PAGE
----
Last Monday, I sat in the Dail chamber listening to the largely mediocre centenary speeches - President Higgins's the sole exception - and reflected on Leo Varadkar's version of the fable of how to boil a frog.
Drop a frog into boiling water and it will jump out. Begin with cold water and the frog will hardly notice the slow rise in temperature until it's too late.
Leo Varadkar has been boiling the Fianna Fail frog on his backstop burner for months and by now it can't even manage a croak.
Fianna Fail is not alone of course. The rest of the Opposition also gladly donned the green jersey offered by Leo Varadkar thinking it would magically avoid a hard border.
On Fianna Fail, as the largest opposition party, fell the primary duty of probing the backstop. But by last Friday it was too lulled to notice that the Taoiseach was suddenly turning up the heat.
Last weekend Shane Ross was still being beaten up for mentioning a hard border. But by Friday, Leo Varadkar was brazenly flaunting a hard border in Fianna Fail's face as if he had no responsibility for it.
Why? Because last Tuesday, the Taoiseach found himself briefing a compliant Opposition, which he had gagged with their own green jerseys.
Fianna Fail and Labour should have challenged the Taoiseach on the fundamental flaw in his backstop strategy as follows:
How could he back Theresa May's withdrawal deal and still insist on a backstop which makes that deal impossible to deliver?
But led by Fianna Fail the Opposition filed out like sheep, consoling themselves they were being patriotic, when actually they were dodging their democratic duty to act with good authority.
This emboldened the Taoiseach to brazenly evade any blame for a hard border while making increasingly inflammatory statements - one which seemed to link the Derry bomb and Brexit was only reported in the Irish Examiner.
At least Professor Deirdre Heenan (who is a member of our Council of State) backed away from a sloppy tweet to Theresa May where she also seemed to conflate the bomb with progress on Brexit.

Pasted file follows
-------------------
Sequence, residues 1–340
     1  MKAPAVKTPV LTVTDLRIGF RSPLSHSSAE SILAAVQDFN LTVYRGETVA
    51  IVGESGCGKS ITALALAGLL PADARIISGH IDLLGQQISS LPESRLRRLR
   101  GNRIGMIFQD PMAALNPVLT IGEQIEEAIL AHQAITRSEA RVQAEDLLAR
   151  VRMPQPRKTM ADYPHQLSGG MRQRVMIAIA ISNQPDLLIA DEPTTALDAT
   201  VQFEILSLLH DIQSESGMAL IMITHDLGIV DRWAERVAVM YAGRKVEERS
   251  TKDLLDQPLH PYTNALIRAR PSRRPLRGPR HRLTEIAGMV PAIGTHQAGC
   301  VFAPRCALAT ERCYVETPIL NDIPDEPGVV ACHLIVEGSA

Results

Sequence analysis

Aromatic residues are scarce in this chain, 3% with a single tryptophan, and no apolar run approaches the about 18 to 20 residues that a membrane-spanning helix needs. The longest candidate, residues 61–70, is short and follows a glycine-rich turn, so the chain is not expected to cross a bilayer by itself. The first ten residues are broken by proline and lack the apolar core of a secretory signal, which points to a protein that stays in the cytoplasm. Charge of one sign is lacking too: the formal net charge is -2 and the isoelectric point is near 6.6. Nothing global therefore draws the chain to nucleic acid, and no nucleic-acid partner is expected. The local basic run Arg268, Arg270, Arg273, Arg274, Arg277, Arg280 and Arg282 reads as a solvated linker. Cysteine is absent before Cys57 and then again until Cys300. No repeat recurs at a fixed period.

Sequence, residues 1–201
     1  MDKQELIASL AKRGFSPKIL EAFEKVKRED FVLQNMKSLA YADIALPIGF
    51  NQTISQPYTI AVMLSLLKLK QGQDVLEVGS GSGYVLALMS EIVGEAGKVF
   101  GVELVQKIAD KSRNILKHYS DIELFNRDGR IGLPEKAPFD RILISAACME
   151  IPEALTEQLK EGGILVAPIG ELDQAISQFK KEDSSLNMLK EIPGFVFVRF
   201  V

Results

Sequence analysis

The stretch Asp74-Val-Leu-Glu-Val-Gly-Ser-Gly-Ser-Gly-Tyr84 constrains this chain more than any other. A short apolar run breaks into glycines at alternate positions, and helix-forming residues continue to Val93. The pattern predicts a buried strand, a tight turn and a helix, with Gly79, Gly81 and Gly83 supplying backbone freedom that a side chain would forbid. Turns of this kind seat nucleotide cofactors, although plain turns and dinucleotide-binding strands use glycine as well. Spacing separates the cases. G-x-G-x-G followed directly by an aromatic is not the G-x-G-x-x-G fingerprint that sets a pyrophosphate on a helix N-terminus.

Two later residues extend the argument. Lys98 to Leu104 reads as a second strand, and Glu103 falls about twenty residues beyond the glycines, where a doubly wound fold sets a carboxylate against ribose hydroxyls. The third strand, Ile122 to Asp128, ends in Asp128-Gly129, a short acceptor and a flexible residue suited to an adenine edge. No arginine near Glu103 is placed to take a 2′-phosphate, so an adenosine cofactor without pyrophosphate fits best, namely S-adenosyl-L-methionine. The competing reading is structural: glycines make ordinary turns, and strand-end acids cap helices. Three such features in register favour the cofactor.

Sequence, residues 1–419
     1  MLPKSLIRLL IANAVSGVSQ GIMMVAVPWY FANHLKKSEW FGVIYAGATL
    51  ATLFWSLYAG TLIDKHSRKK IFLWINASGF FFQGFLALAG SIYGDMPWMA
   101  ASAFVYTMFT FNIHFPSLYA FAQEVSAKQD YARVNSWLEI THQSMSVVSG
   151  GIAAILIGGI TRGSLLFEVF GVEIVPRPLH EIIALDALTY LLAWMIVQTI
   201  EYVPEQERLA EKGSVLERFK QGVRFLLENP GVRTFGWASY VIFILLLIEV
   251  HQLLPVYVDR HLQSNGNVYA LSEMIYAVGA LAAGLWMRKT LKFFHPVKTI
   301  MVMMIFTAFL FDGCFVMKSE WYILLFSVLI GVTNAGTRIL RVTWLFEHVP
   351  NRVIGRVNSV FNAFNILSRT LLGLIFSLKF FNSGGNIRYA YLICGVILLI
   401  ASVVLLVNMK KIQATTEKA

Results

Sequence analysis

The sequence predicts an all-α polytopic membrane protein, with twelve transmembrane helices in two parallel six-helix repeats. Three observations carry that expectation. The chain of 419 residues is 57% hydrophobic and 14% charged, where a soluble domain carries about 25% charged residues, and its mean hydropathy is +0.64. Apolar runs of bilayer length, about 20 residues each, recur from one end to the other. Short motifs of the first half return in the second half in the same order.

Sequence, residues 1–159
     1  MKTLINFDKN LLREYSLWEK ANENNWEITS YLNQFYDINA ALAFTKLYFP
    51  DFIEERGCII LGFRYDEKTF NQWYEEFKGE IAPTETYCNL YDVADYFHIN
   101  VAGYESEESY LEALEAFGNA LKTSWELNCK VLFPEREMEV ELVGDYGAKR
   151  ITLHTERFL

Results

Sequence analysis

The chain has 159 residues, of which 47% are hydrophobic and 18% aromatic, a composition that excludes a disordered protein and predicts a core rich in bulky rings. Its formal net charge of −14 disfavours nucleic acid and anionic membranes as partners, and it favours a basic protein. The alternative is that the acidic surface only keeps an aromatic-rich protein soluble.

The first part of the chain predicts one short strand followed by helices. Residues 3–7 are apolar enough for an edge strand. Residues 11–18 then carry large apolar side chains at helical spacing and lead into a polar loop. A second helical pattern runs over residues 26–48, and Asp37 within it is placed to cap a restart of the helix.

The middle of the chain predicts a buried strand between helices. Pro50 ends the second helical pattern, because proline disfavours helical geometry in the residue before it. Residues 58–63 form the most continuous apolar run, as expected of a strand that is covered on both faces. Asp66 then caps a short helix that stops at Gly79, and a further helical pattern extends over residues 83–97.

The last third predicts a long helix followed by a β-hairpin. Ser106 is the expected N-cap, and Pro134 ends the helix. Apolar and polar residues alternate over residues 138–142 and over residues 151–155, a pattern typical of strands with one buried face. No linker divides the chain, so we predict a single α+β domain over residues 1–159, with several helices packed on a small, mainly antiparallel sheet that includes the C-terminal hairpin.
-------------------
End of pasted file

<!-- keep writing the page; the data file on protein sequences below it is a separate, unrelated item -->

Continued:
But not Leo Varadkar who seems happy to deal in what Lenin dubbed "excitative terror" - ie, making wild statements that whip up populist emotions.
To be fair, Sinn Fein spokesperson Matt Carthy had earlier avoided blaming the Derry bomb on Brexit and Mary Lou McDonald criticised the Taoiseach's Davos remarks about soldiers on the border.
But mostly the media has been marginally braver than the Opposition. Hard questions have been asked by Dan O'Brien and Kevin Doyle of this parish, and repeatedly in this column.
Even The Irish Times, which far too often acts as the Taoiseach's Praetorian Guard, has raised awkward questions - or at least its political editor Pat Leahy has done so.
Last Saturday week, Leahy probed the lack of challenge to the backstop strategy in a piece subtitled: 'A device that was meant to facilitate progress has instead become a barrier.'
Leahy pointed out that "within the political and administrative apparatus, any questioning of the strategy is expressed only in hushed tones".
He also quoted a Leinster House observer: "How is it a negotiating triumph if it presents the other party with something they cannot agree to?"
Fianna Fail's failure to call out the Taoiseach on the backstop contrasts with Micheal Martin's earlier courageous challenges to tribal rhetoric.
But months of being boiled in a green jersey seems to have blinded Fianna Fail to the increasing brazenness of the Taoiseach's efforts to avoid any blame.